Scoble says both Yahoo! Maps and Virtual Earth are doomed: “it’s not about maps, it’s about the advertising platform that Google has built. It’s not about prettiness, it’s about who has the most user generated content (I still hate that… • Continue reading this entry.
Breaking news: Yahoo! has upgraded its mapping service with a new, Flash-based beta version with substantial interface improvements. In the 15 seconds or so I’ve had to play with it, it works very well — the inset for zooming is… • Continue reading this entry.
John Musser provides some examples of mashups using the Yahoo! Maps API from Yahoo!’s application gallery. Via All Points Blog. See previous entries: Yahoo! Maps API; Yahoo! Maps Hacks…. • Continue reading this entry.
Today’s New York Times has an article about mapping hacks and mashups (free registration required); it touches on the Google Maps API, naturally, but also mentions Yahoo!, Microsoft and the new Ning.com. Thanks to Joel Riggs for the link…. • Continue reading this entry.
Here we go again. Google Earth Blog has a collection of downloadable automated storm tracking tools (KMZ file). Google Maps Mania points to a couple of Google Maps based storm trackers. Spatially Adjusted links to ESRI’s existing hurricane viewer and… • Continue reading this entry.
Here’s another Virtual Earth port/hack to an unexpected but welcome place: Virtual Earth for Windows Mobile — i.e. Pocket PCs and Windows-based smartphones. Via the Virtual Earth team blog and Spatially Adjusted. See previous entry: A Microsoft Roundup…. • Continue reading this entry.
Speaking of Kathryn Cramer, she’s also put together a useful Google Maps mashup of earthquake data that allows us to see, quite precisely, where the quakes and aftershocks have hit in northern Pakistan. She notes: One interesting result I obtain… • Continue reading this entry.
In the past week or so, I’ve learned the following mapping news from Microsoft through map developer Chandu Thota’s blog: Overshadowed by the PDC stuff on Virtual Earth at the time, I guess, but version 4.0 of the MapPoint web… • Continue reading this entry.
Fantastic multidimensional satellite imagery of Hurricane Rita from NOAA; via Spatially Adjusted. Also, you can now track Hurricane Rita with Virtual Earth; via Scoble. On an organizational note, I’ve combined entries about Hurricane Katrina and Hurricane Rita into a new… • Continue reading this entry.
Forbes has a big-picture introduction to Google Maps applications and the growing trend of geotagging as much information on the web as possible. Via Cartography…. • Continue reading this entry.
There are several resources for keeping tabs on the next volley of tropical storms to hit the Gulf of Mexico and Atlantic Ocean. NOAA’s Storm Tracker page for Rita and Philippe has tracking maps and satellite photos. Google Earth… • Continue reading this entry.
Microsoft’s Professional Developers Conference last week was the occasion for some Virtual Earth announcements. Directions got a heads-up prior to the conference; Andrew Coates has some notes from the Virtual Earth session, which covered using the API for commercial use… • Continue reading this entry.
About a month ago, our friend John Resig spent a week on Google Maps: “I’ve been working a number of contract jobs — all of which have centered around the usage of the Google Maps API, a powerful tool for… • Continue reading this entry.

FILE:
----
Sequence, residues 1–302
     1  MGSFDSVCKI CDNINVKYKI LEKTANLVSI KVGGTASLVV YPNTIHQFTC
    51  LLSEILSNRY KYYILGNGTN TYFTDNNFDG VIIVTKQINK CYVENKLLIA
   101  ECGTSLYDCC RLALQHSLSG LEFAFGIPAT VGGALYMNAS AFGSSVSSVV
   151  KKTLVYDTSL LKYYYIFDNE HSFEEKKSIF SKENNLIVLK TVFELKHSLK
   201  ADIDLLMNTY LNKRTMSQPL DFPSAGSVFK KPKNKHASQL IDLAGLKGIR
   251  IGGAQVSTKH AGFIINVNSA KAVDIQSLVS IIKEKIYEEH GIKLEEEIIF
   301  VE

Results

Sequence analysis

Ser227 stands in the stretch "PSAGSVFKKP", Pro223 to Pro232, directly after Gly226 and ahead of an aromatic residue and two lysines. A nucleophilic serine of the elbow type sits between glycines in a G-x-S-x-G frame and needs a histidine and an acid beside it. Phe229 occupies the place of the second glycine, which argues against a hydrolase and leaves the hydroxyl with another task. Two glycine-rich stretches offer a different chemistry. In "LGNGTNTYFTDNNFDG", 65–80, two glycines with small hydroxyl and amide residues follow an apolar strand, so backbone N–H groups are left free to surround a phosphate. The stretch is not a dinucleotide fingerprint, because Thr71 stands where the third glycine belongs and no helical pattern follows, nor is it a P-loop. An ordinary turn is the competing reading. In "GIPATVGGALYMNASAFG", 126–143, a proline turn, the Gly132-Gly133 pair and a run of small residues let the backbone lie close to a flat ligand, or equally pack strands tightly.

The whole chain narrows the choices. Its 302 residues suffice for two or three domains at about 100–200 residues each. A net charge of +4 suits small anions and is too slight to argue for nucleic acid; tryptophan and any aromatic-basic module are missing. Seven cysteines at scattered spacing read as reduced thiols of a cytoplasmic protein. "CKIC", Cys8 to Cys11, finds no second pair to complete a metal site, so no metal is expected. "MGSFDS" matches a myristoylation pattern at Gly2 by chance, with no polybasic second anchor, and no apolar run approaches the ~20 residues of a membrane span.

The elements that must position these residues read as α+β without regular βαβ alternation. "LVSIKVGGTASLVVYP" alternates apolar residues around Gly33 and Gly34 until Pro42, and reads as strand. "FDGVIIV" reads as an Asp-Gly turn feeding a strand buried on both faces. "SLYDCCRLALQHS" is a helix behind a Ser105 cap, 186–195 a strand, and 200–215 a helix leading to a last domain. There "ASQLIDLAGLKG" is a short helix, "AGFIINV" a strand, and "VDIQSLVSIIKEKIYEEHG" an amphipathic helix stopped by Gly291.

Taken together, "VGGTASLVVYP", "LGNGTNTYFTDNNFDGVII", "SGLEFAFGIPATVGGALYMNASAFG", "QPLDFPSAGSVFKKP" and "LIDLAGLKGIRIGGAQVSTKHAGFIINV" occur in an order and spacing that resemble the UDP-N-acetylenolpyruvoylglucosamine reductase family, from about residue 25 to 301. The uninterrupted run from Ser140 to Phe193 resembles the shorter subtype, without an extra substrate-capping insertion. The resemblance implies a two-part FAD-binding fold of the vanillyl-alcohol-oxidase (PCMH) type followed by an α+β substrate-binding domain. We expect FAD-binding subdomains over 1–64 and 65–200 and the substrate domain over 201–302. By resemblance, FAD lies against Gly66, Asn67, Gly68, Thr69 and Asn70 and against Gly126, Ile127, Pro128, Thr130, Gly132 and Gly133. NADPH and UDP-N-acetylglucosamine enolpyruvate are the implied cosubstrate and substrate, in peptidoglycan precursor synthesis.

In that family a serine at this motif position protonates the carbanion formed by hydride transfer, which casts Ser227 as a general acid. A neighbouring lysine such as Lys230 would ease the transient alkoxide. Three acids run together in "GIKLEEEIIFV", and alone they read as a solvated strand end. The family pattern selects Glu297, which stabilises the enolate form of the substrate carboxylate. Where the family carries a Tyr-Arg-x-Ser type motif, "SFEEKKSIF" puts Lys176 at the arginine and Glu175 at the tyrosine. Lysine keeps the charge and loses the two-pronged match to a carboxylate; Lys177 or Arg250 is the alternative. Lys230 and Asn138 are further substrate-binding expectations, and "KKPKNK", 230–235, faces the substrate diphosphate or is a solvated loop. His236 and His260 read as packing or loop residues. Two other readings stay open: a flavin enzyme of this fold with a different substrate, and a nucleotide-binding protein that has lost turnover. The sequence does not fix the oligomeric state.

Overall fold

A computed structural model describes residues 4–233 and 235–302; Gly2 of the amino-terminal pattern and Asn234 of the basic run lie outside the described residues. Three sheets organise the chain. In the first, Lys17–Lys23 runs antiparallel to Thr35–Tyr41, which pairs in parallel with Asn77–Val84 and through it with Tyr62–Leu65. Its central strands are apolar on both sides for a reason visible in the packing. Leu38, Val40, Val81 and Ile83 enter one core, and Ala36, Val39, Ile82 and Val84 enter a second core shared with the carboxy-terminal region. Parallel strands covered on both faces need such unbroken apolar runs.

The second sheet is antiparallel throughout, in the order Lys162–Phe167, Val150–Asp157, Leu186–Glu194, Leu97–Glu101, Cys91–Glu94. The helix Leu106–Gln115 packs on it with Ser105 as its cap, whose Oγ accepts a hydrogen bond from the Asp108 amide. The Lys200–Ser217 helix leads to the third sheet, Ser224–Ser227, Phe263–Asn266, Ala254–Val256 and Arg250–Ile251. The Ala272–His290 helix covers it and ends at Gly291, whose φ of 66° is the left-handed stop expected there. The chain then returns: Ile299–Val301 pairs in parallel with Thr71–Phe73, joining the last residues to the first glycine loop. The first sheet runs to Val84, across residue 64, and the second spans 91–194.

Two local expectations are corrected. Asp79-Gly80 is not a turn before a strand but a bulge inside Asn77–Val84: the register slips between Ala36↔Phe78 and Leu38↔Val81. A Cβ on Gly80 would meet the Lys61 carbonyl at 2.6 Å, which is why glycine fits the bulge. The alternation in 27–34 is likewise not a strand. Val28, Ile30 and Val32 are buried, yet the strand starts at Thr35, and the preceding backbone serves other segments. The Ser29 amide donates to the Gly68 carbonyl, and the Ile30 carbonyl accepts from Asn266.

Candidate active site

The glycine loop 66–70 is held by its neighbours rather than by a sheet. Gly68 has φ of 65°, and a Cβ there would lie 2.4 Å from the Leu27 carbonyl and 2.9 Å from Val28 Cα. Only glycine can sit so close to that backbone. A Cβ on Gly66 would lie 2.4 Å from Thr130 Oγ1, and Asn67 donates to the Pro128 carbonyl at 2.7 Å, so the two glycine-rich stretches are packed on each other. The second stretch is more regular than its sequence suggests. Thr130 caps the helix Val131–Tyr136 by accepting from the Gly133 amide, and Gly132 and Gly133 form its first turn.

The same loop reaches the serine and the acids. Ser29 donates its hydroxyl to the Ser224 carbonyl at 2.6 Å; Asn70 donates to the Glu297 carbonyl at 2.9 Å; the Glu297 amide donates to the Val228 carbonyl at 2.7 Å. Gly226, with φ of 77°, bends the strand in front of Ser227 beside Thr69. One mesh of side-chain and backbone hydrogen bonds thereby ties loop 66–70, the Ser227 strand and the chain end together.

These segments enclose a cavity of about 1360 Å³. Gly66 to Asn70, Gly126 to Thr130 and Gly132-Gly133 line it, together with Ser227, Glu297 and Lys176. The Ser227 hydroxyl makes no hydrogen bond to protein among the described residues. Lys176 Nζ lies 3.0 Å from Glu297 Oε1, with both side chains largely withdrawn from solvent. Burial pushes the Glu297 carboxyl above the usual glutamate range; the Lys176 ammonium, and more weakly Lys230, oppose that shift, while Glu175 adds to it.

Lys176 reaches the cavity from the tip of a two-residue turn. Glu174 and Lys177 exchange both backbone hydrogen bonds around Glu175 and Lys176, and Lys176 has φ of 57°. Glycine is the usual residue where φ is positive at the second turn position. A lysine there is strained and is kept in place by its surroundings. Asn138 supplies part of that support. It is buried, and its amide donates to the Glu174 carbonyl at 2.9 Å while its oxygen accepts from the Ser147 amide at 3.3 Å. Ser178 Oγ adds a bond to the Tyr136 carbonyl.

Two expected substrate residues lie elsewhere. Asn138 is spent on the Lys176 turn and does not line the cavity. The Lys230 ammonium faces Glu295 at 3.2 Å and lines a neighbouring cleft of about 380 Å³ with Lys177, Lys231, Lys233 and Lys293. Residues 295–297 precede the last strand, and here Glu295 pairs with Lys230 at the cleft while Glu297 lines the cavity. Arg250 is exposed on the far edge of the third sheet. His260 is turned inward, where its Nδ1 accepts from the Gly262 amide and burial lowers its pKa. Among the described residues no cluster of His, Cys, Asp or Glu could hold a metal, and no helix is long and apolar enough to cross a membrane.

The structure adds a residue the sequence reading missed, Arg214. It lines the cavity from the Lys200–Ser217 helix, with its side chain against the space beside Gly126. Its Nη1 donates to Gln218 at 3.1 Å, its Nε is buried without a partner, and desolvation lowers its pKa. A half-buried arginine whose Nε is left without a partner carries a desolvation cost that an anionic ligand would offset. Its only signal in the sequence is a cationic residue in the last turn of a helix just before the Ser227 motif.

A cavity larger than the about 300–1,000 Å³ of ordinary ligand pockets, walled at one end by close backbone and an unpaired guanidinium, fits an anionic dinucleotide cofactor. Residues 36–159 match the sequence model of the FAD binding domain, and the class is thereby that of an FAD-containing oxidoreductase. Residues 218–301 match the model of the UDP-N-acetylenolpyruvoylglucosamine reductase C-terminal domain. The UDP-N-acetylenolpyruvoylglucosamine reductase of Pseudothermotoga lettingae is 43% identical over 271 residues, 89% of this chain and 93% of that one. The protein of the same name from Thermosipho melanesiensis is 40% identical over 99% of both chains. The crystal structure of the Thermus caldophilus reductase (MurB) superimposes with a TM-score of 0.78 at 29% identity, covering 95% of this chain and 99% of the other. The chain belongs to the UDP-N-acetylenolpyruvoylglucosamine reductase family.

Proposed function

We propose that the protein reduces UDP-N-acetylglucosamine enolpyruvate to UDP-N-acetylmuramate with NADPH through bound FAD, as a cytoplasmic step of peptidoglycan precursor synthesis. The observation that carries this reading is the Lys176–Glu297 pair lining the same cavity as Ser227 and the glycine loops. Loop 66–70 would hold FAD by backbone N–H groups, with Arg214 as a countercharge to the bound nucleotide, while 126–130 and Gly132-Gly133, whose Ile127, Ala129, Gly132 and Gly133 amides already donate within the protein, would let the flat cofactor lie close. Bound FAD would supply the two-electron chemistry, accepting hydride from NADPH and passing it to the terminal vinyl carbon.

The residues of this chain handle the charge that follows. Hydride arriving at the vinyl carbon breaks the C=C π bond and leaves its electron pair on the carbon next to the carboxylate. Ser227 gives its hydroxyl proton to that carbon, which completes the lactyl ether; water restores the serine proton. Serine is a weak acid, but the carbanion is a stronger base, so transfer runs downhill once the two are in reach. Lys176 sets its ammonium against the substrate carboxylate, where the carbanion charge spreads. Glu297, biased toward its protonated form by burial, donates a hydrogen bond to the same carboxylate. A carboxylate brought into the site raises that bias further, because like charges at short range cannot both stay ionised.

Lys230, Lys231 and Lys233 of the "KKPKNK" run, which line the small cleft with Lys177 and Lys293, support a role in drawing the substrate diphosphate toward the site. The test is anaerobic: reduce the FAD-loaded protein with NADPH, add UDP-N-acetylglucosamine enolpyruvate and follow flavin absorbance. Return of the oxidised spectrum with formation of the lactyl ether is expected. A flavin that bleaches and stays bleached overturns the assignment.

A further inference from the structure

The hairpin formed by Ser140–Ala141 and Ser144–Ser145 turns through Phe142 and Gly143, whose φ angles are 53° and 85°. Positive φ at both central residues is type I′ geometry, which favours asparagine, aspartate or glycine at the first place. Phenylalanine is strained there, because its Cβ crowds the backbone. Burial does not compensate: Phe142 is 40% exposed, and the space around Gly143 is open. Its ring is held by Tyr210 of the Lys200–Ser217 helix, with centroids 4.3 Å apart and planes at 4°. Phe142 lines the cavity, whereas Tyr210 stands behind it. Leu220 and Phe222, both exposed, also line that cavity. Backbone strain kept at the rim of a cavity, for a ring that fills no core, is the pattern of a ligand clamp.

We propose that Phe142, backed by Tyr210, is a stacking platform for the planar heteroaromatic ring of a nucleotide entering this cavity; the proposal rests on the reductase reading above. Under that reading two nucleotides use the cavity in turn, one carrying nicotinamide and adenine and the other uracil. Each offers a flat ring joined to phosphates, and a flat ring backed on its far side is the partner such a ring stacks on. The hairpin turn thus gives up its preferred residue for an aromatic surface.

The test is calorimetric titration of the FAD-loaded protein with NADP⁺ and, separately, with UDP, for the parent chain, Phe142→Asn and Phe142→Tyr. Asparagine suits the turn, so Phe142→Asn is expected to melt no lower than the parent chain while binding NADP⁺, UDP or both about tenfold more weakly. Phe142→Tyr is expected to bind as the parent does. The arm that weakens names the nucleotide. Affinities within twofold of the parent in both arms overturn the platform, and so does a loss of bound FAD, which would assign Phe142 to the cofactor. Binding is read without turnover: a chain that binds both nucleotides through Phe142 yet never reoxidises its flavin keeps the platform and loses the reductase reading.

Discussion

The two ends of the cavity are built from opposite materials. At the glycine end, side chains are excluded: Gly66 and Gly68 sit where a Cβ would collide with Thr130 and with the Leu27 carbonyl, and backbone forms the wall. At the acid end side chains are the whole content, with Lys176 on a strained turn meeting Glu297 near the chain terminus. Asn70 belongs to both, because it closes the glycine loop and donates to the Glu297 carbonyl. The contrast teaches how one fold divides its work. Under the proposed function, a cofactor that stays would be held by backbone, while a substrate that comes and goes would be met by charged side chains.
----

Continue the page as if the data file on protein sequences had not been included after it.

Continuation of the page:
To mark the fourth anniversary of the 9/11 attacks, the September 11 Digital Archive has used the Google Maps API to create an interactive map of New York with photos (blue markers) and stories (red markers) from that day. Via… • Continue reading this entry.
Virtual Earth hacks have either been few and far between or they just haven’t been getting any attention (see previous entry; the same could be said about Yahoo! hacks). I wonder whether the announcement that the Virtual Earth APIs are… • Continue reading this entry.
More flood maps of New Orleans (see this morning’s entry). Kathryn Cramer, whose blog has turned into an immense resource for Hurricane Katrina information, links to a Google Maps hack that shows the approximate water depth in flooded areas; because… • Continue reading this entry.
In addition to the Forbes article I mentioned yesterday, both the BBC and New York Times (free registration required) cover the use of Google Maps and Earth by ordinary users to collect and distribute information about the disaster — i.e.,… • Continue reading this entry.
I like what Jef’s done with this map of the Paris metro done with Google Maps. The lines are laid out as vectors, and it includes routing between two points, including line changes and estimated travel time. Via Google Maps… • Continue reading this entry.
The number of hacks and mashups of Google Maps prevents me from reporting on every single one of them properly, but I am paying attention, and will report on the more noteworthy ones, and on trends, when I can. The… • Continue reading this entry.
Rev Dan Catt says, “Even though Google get a lot of press for their API, I believe that Virtual Earth is far easier to code and gives you more hooks and feedback to use. … From a coding point of… • Continue reading this entry.
Flash Earth presents Google Maps and Virtual Earth satellite imagery through a Flash application. Why a Flash application, you may ask? The creator, Paul Neave, explains why: [T]he interface is much smoother to use. You get a sense of location… • Continue reading this entry.
As I’ve mentioned before, there are several hacks out there to change the Mac OS X Address Book’s address-mapping feature from MapQuest to other mapping services. (See previous entries: Map Sites: Hints, Tips and Observations; More Address Book Hacks.) The… • Continue reading this entry.
You’ve got to be kidding me: Google Maps and GPS on a Nintendo DS. Via Engadget. See previous entry: Google Maps on Mobile Devices…. • Continue reading this entry.